Alien, the director’s cut, isn’t so much a missed opportunity as a pointless endeavor. But it could have turned out a lot worse. Scott’s lack of ambition might be the saving grace.

2/4★★

CREDITS

Directed by Ridley Scott; screenplay by Dan O’Bannon, based on a story by O’Bannon and Ronald Shusett; director of photography, Derek Vanlint; edited by Terry Rawlings, Peter Weatherley, and David Crowther; music by Jerry Goldsmith; production designer, Michael Seymour; produced by Gordon Carroll, David Giler, and Walter Hill; released by 20th Century Fox.

Starring Tom Skerritt (Dallas), Sigourney Weaver (Ripley), Veronica Cartwright (Lambert), Harry Dean Stanton (Brett), John Hurt (Kane), Ian Holm (Ash), and Yaphet Kotto (Parker).


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Private Benjamin (1980, Howard Zieff)

Quite a bit works in Private Benjamin, which makes all the creaky parts stick out more. Even though the film runs 109 minutes, a lot seems cut out. Characters just fade away, especially as the film rushes in the second half. But even lead Goldie Hawn just ends up staring in various montages–happy and sad ones–with her character development (the whole point of the movie) on pause.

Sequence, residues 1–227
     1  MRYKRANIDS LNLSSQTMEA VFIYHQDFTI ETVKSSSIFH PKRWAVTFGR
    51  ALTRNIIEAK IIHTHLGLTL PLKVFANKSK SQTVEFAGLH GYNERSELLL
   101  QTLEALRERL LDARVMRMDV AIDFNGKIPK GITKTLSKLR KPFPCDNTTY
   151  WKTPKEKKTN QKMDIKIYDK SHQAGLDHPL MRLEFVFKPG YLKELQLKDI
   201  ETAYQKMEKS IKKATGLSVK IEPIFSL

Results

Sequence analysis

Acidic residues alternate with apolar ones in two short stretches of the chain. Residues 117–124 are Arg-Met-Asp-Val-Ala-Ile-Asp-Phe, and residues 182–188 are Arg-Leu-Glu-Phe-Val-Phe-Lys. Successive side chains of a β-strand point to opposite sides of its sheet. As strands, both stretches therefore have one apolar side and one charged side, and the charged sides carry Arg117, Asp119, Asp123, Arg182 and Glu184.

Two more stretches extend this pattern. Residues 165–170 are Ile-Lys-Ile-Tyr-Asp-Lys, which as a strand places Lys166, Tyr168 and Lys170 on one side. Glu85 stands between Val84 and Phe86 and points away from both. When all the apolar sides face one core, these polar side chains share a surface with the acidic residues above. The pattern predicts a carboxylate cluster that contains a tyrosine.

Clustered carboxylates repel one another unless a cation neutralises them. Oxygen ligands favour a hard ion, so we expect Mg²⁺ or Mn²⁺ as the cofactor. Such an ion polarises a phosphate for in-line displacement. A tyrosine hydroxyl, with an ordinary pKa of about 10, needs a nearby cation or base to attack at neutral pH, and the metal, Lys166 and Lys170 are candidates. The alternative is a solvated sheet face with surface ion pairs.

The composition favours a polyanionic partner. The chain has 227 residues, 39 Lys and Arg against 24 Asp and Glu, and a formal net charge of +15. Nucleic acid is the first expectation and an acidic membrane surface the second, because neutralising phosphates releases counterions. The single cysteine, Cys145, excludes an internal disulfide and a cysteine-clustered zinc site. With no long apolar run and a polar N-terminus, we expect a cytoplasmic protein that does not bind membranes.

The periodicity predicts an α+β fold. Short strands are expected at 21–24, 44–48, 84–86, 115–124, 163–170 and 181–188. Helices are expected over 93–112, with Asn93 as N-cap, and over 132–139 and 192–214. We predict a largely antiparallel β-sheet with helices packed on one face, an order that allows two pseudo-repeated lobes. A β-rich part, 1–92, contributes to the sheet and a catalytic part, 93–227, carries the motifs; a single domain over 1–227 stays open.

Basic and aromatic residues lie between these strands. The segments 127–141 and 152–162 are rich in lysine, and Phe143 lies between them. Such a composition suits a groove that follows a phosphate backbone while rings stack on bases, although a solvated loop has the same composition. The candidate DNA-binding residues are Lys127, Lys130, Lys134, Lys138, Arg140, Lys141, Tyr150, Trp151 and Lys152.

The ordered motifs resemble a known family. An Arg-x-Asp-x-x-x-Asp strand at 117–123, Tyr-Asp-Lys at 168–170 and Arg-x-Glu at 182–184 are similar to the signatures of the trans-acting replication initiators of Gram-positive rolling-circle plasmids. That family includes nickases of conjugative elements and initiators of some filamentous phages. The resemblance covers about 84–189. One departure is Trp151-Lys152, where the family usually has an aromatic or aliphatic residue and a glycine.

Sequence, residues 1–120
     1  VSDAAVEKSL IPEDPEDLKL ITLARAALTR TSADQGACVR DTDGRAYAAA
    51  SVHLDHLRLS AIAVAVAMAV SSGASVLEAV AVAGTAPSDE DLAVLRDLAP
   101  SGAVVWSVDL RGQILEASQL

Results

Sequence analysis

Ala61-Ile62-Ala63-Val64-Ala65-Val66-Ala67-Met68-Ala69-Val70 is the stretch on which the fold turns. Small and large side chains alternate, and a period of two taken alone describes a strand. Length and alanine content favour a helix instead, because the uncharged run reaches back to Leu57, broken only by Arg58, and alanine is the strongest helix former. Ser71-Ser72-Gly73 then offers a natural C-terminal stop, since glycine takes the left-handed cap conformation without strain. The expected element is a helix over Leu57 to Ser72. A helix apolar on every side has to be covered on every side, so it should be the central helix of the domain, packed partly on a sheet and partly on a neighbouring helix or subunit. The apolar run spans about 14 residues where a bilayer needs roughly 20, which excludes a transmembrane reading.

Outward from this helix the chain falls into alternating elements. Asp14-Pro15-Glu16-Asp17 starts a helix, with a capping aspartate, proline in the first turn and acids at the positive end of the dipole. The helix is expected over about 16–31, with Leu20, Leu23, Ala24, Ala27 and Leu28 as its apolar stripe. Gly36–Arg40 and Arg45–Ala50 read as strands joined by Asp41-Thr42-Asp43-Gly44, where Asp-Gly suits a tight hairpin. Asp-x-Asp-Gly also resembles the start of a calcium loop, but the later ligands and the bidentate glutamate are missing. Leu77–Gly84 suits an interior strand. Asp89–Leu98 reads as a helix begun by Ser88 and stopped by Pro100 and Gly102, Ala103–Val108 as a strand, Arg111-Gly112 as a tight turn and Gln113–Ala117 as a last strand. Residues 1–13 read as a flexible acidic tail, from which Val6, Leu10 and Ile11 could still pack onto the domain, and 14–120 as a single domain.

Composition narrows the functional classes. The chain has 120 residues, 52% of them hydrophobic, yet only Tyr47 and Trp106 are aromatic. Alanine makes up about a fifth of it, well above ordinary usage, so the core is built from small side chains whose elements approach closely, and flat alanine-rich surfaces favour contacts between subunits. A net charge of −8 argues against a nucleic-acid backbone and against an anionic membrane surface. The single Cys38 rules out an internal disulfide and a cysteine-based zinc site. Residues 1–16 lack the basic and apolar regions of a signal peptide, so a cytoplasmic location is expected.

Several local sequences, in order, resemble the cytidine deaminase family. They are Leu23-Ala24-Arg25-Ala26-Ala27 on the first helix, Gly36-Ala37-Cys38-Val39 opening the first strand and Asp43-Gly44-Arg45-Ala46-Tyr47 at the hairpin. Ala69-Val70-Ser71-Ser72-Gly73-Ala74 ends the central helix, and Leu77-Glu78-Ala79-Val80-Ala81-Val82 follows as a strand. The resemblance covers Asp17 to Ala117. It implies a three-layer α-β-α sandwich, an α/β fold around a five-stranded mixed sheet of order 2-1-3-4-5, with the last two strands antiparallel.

Hawn’s nearly excellent–she would be with a better than director than Zieff–but still quite good as Benjamin. The first act sets Hawn up as a sympathetic, blissfully unaware Jewish-American princess caricature… though Nancy Meyers, Charles Shyers, and Harvey Miller’s script doesn’t really want to do too much commentary on that aspect. There’s one direct joke slash plot twist later, but the film’s initially just doing it to show Hawn’s screwed up life. Her father (Sam Wanamaker) is an indifferent, dismissive jerk. Mother Barbara Barrie is supportive, but in a limited way. Hawn’s love life is unfulfilling and gross. It’s depressing, not funny.

So when tragedy and contrivance land Hawn in the army, Benjamin all of a sudden finds lightness. Because as recruiting officer Harry Dean Stanton (in a gentle Harry Dean performance) puts it, it’s not like the ladies get the become killing machines in this man’s army. So it’s all sort of fun. Hawn slapsticking it through boot camp, for example. It has a number of solid laughs. It also builds up the supporting cast. There’s Eileen Brennan as Hawn’s commanding officer and nemesis. It should be a great role for Brennan. Instead, it’s a weak, often inexplicable one. The film goes out of its way to avoid giving Brennan her own material after a couple significant setups. It’s a waste of a performance.

Hawn has a pretty solid set of sidekicks in Mary Kay Place, Toni Kalem, Damita Jo Freeman, and Alston Ahern. P.J. Soles should be a sub-nemesis, instead she’s a pointless supporting player and it makes Soles grating. Hal Williams is fun as the drill sergeant.

In the second act, when Benjamin starts to be about Hawn’s character forcibly developing herself, the film hits its stride. Zieff either gets he shouldn’t dwell on it or he just doesn’t get it; his hands off approach leads to some of Hawn’s best acting in the film.

The second act also has Robert Webber as this wacky colonel with dumb nicknames (based off his own name) for everything. It’s silly and great, because Webber is straight-facing it all. Though the film ends up wasting him too.